Ra 1401, ff. 199v-200r
Ἔτος μὲν οὖν ὥδευεν ἡνίκ᾽ ἐγράφη
δέλτος μελισμῶν ψαλμικῶν, ἣν νῦν βλέπεις,
ἀφ᾽ οὗ κυκλοῦν ἤρξατο Φαέθων πόλον,
ἐξ οὗ πολεύων ἥλιος γ᾽ ὦπται πόλον.
μέμνησθε Θεοδοσίου τοῦ ξύσαντος, πατέρες,
<ὑ>πεύθυνος γάρ ἐστιν ἀμπλακήμασιν.
The year, was then running, when the book of the psalmic melodies
was written, the one which you now behold,
at the time when Phaethon started circling the sky,
when the sun, moving around, can be seen in the sky.
Remember, fathers, the scribe Theodosios,
as he is responsible for sins.
What is interesting in this poem is that it informs the readers about the date of the Psalter’s completion (a. 1304).[ix] For some unknown reason, Lampros wrongly dated the manuscript to the year 1292. Theodosios' reference to the mythological figure of Phaethon and to his driving of the sun-chariot around earth is a hint regarding the time of completion of his writing task.[x] Since the sun was visible in the sky, we can assume that he completed the book during the day and possibly in the morning hours.
Zoodochou Peges 10 (Ra 1402)
Another Psalter manuscript from the same monastery is Ra 1402, which was copied in the 15th century by a priest called Loukas Mylonas. As he informs us in his colophon on f. 343r, he came from the noble Byzantine family of Dalassenoi in Caesarea. His script resembles the so-called Hodegon style and can be distinguished by its characteristic Φ letters with the long descenders. The titles and the initials of each Psalm are rubricated.
Ra 1402, ff. 248v-249r
Interestingly, the last part of the manuscript consists of two folios, which derive from an older parchment manuscript and transmit fragments of the Ladder of Paradise by John Klimax. Based on palaeographical evidence, we were able to date them to the 11th century.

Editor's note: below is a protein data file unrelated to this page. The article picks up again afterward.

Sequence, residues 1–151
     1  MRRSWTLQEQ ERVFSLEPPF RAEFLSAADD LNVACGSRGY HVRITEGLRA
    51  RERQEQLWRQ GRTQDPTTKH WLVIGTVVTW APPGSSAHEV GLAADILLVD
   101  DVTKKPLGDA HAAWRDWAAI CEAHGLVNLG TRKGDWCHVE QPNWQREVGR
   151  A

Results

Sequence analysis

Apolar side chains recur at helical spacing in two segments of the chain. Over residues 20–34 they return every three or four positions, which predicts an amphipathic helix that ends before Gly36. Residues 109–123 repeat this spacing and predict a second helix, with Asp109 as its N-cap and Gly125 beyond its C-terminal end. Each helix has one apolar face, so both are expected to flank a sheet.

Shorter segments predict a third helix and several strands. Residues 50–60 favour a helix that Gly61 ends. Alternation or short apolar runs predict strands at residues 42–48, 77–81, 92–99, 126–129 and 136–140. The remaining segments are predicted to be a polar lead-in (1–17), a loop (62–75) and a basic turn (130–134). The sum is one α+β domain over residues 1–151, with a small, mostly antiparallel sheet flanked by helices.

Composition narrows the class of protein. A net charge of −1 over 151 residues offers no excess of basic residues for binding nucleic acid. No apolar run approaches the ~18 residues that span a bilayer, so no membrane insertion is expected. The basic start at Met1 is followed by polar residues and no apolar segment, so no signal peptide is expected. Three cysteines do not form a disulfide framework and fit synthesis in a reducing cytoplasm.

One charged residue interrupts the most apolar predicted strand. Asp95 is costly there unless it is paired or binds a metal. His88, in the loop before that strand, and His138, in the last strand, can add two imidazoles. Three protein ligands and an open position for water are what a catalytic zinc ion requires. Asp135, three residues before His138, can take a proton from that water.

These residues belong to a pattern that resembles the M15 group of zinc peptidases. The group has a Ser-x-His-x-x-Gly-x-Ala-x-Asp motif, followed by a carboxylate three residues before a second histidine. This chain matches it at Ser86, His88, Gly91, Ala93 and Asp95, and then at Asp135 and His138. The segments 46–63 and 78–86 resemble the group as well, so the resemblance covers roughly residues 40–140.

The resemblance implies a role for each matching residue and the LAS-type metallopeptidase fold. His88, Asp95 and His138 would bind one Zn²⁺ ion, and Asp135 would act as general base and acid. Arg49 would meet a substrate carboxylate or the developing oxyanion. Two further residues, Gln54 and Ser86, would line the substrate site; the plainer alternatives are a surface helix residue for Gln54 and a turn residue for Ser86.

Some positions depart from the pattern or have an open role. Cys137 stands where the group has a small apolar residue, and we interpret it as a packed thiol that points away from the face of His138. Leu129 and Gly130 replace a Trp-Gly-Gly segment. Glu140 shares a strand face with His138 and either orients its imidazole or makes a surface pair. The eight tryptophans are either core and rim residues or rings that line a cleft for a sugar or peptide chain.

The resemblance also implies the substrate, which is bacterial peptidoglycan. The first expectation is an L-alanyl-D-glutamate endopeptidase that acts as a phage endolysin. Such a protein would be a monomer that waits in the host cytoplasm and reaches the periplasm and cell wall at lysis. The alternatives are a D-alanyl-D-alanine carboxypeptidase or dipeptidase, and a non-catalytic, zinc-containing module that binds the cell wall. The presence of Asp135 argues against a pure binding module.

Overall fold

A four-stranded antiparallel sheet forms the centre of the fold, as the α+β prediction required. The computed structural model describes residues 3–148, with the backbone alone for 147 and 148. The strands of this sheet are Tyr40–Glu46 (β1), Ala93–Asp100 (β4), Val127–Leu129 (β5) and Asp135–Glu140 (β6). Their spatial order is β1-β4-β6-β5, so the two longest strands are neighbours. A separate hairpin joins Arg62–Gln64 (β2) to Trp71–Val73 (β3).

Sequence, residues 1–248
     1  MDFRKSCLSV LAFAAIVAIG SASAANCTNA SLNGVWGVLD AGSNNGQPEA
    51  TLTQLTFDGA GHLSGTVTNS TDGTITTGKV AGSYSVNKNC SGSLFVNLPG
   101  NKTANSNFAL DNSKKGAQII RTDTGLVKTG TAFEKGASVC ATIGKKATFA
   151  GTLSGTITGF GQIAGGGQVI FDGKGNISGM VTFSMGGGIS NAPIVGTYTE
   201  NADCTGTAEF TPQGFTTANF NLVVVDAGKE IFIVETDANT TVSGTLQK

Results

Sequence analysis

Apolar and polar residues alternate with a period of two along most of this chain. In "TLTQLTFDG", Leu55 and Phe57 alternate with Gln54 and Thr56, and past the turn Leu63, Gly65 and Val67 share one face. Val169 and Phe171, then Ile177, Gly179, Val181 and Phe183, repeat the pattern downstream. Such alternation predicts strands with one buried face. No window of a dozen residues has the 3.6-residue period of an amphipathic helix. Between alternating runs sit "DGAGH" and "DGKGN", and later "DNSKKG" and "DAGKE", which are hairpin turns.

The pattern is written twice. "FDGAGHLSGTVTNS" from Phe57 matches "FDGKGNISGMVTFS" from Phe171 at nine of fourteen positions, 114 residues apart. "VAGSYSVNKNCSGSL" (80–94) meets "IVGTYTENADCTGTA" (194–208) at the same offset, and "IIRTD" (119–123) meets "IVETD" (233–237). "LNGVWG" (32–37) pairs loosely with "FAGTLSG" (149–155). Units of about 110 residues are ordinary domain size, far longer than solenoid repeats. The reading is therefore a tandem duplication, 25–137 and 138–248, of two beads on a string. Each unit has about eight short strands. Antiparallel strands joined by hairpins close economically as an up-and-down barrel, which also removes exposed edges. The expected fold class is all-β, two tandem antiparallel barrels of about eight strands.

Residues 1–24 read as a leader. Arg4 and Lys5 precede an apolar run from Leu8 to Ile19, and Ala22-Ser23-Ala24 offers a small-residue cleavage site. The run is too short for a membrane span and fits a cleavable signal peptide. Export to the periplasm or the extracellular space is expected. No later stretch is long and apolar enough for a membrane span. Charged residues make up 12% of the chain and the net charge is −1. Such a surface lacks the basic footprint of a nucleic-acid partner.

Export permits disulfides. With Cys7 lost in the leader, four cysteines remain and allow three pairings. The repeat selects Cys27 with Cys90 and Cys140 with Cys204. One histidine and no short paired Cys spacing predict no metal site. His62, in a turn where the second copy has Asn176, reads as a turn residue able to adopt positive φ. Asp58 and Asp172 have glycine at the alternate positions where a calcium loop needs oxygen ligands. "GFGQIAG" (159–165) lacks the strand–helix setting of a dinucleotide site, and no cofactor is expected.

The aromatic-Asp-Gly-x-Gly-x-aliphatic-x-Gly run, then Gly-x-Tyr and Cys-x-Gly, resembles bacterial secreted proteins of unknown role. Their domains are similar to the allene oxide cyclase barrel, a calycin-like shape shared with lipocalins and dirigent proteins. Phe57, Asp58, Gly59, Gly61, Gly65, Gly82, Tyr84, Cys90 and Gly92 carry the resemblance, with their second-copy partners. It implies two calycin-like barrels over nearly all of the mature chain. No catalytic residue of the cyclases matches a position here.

Zoodochou Peges 20 (Horologion)
Another manuscript with Psalms from the Monastery of Zoodochos Peges, which has not been catalogued by Alfred Rahlfs, is a small-sized Horologion. The beginning and the end of the manuscript have been lost and its tiny archaizing script could be dated to the 13th century. Its structure, though initially difficult to understand, became apparent after following a clever suggestion by the nuns to compare it to a modern edition of an Horologion by the Apostoliki Diakonia of the Church of Greece: its division into different liturgical services (Nocturns, Matins, Vespers, Compline) follows the common structure of the Byzantine Horologia.
Another monastery on the island known for its collection of Byzantine and Post-byzantine manuscripts is the monastery of Hagios Nikolaos, which is located 10 km away from Chora, the capital of Andros. Hagios Nikolaos is considered the protector of the sailors in the Orthodox church, which explains why he is highly venerated on the island. Entering in the church of the monastery, one can see an astonishing collection of many votive offerings in the shape of ships, offered to St. Nikolaos by family members of the sailors in order to keep their loved ones safe.[xi]
Votive offering, Hagios Nikolaos
Hagiou Nikolaou 26 (Ra 1403)
A highly composite and fragile manuscript is the codex Ra 1403. It is dated to the 14th century and contains the Psalms, several books of the New Testament, as well as liturgical hymns. As is the case with several manuscripts from Andros, its paper folios are very thin and its initials are elaborate and rubricated. The double lambda ligature has a characteristic form in this handwriting.
Ra 1403, ff. 49v-50r
What I also found interesting in this manuscript is the beginning of an unknown kontakion, which was added to the end of the manuscript by a later hand.
Κοντάκιον εἰς τὸν ἅγιον Δημήτριον πρὸς τὸ “ἐπεφάνης σήμερον”
Tῇ ὀδμῇ τοῦ μύρου σου τὴν τῶν παθῶν μου δυσ<ω>δίαν δέομαι, ὡς τεραστίων αὐτουργός, ἐκ τῆς ψυχῆς μου ἀφάνισον, κλέος μαρτύρων, ὦ θεῖε Δημήτριε.
Kontakion dedicated to St Demetrios, according to “ἐπεφάνης σήμερον”
With the scent of your fragrant ointment, glory of the martyrs, divine Demetrie, I ask you to remove from my soul the stench of my passions, as I am responsible for enormous <ones>.
Hagiou Nikolaou 39 (Ra 1001)